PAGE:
7 Research Tips for Writing Your Novel

7 Research Tips for Writing Your Novel
July 11, 2017 1 Comment For Authors, Writing Advice, Writing Advice J.K. Allen

This month we are talking research. Now, many writers cringe when they hear the word. And they might say, “But we are fiction writers, can’t we just make stuff up?” The answer is, we may make a lot of things up, but we have to have a realism to our stories. It’s what allows them to get caught up in your story world. If we lose that belief, they shut the book and walk away. So let’s look at some tips for research.

  • Don’t include everything you learn. The last thing you want to do is to info dump and drown your readers in jargon or technical details. Remember the story comes first and everything must serve the story. So drop indiscreet details that give a deeper look to the world you’re portraying, but don’t go overboard.
  • That said, the story comes to life in those little details you add. Bring in the other senses besides sight. Smell, touch, hearing, and taste are all important to evoking a scene. Immerse your reader in the scene.
  • Use what you know. There’s nothing like experience to draw on. Use authentic knowledge you have to add depth to your story world. This could be setting details from the town you grew up in, or scenery from your favorite vacation spot, the taste of the local Ethiopian restaurant’s cuisine, or details from growing up on a military base. Use these details in your writing and add richness and a genuineness to your story.
  • Use the internet to your advantage. Not only does Google have thousands of images and websites on your topic you can browse, but sites like YouTube and Pinterest also hold a treasure trove of information and pictures that you can use to inform your writing. Take advantage of everything that’s available from all over the world. Can’t afford a trip to the Carribean? Use Google Earth to view its sights and streets and visit websites to learn local history and facts about climate and culture.
  • Visit your local library. Whether it’s a public library or a university library, libraries have all sorts of specialized and expert books you can glean information from. They also have far more resources at their disposal. Use those resources to your advantage.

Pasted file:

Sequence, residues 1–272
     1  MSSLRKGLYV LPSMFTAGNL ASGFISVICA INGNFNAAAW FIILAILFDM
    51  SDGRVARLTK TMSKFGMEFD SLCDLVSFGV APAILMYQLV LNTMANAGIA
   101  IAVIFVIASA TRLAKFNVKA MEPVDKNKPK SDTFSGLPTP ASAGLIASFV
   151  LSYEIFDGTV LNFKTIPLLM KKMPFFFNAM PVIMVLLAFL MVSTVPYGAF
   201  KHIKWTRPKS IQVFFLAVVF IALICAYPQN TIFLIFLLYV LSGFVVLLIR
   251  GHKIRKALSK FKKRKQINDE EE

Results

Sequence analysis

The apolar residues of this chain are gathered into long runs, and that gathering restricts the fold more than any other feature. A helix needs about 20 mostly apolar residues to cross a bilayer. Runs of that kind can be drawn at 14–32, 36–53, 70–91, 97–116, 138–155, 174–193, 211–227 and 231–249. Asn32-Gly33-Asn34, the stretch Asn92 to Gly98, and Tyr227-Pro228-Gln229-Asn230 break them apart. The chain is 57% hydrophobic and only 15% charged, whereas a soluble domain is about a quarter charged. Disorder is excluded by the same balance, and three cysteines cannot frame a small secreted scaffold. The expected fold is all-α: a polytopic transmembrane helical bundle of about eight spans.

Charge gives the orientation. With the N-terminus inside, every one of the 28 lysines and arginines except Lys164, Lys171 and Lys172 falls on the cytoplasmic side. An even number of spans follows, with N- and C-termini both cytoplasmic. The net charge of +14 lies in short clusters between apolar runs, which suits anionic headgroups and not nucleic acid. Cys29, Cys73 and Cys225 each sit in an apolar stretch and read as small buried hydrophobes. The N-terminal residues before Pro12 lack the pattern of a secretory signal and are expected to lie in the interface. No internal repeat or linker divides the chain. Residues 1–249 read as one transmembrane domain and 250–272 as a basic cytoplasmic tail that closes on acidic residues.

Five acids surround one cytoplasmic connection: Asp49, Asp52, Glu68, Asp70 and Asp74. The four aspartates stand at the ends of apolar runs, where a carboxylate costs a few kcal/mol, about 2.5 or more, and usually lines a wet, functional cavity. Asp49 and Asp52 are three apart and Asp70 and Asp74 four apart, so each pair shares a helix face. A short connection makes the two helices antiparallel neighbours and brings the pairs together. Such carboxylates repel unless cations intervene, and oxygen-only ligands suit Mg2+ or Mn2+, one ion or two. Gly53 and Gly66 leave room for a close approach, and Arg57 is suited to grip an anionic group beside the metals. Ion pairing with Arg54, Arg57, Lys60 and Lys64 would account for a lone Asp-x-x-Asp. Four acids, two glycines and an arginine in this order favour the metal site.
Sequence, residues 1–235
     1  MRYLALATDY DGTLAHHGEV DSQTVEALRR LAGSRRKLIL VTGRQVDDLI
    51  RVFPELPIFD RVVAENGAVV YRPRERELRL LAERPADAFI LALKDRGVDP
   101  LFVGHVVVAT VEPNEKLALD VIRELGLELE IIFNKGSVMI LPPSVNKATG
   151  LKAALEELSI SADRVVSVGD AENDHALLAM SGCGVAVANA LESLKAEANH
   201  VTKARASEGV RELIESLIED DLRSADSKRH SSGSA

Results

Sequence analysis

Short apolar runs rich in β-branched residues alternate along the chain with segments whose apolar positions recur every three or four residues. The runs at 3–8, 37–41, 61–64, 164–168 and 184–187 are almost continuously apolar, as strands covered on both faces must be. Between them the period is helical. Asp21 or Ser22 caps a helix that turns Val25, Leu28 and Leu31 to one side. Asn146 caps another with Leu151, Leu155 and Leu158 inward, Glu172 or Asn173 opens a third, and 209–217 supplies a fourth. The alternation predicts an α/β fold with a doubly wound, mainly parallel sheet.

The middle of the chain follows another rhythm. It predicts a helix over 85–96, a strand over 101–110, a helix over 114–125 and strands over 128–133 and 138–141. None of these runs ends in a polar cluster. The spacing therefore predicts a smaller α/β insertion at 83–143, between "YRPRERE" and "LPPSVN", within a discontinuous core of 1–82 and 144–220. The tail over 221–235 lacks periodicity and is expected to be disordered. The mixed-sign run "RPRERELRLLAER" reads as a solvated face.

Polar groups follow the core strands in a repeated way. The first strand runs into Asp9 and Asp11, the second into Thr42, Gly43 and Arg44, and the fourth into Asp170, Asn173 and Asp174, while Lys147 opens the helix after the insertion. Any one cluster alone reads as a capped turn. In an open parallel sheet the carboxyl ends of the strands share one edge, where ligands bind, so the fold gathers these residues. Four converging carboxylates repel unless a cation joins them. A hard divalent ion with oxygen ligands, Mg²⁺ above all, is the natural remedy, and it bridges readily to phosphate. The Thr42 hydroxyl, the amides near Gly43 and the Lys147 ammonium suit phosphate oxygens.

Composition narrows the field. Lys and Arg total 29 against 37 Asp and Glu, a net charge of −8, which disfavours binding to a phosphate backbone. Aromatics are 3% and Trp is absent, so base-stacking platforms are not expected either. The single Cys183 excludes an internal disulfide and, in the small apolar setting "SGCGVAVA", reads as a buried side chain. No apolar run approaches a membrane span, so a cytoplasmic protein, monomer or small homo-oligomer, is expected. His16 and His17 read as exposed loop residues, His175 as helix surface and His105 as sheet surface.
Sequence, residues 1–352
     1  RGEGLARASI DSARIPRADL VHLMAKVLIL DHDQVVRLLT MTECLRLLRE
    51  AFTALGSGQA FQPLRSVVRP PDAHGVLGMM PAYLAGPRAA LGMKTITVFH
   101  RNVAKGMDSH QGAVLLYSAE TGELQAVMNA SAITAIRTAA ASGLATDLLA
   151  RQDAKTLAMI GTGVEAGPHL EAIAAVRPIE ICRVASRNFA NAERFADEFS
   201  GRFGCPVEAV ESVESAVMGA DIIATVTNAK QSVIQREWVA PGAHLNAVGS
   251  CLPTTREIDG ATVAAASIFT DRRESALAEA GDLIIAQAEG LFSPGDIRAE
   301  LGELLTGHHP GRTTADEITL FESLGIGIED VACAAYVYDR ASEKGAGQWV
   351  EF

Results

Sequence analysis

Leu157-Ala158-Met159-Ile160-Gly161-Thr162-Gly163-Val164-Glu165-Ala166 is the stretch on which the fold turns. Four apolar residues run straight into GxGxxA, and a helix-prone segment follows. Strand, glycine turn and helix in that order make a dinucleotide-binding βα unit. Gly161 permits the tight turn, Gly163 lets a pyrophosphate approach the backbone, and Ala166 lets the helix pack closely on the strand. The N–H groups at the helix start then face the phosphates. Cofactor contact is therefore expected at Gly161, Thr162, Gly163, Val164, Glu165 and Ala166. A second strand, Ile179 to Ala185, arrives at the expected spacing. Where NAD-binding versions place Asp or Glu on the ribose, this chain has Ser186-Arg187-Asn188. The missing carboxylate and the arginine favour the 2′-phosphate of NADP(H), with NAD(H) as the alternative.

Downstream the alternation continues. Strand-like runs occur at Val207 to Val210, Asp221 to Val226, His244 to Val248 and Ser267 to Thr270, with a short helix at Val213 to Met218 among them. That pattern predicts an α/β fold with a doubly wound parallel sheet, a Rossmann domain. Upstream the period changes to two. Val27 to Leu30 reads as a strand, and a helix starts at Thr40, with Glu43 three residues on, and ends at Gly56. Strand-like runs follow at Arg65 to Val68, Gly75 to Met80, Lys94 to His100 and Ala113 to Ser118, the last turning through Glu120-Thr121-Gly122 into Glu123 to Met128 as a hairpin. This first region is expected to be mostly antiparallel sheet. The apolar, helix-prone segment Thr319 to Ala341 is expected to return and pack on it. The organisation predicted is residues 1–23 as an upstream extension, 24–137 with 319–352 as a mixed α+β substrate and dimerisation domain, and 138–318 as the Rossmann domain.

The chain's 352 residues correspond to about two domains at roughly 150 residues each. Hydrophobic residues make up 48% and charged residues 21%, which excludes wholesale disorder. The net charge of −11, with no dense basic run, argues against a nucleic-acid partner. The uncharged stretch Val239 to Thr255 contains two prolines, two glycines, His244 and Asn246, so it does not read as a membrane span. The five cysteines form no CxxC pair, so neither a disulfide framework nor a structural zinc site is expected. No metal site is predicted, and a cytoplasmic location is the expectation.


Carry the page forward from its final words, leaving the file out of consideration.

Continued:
• Interview others. Whether it’s over the phone, in town with the resident expert, or reaching out to your network online, you can learn a lot from other people’s experiences and knowledge. If you can’t find anyone local to interview, reach out on a related Facebook group. People have a wealth of information and are usually willing to help. Just be prepared with which questions you want to ask, the last thing you want to do is waste someone else’s time not being prepared. Also, be sure to thank them for their time. Don’t be afraid to reach out to others.
  • Don’t stop at just one source and check your sources. Not everyone on the internet is an expert. Check your sources. Even Wikipedia has a citation list you can reference to follow up with what you learn. Websites that end in .edu or .gov are reliable sources. And get your facts from multiple sources to get the most accurate information. This will get you all the little details you need to add layers to your story.

Research doesn’t have to be your enemy. I love learning new and interesting facts and incorporating them into my story. It also helps to set aside specific research time aside from your writing time, so when you sit down to write, you can just write. What are your best tips for research? Share below and happy researching!


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J.K. Allen Julia Allen received her BA in Creative Writing and English from Michigan State University. She did her senior thesis in poetry under the tutelage of Diane Wakoski, but has been focused primarily on fiction as of late. Common writing themes that can be found in her work address identity and the type of strength that can be found in ordinary people. Julia is currently working on a Young Adult fantasy novel and can be found at local cafes in her hometown when writing, and painting, drawing, or reading when not.

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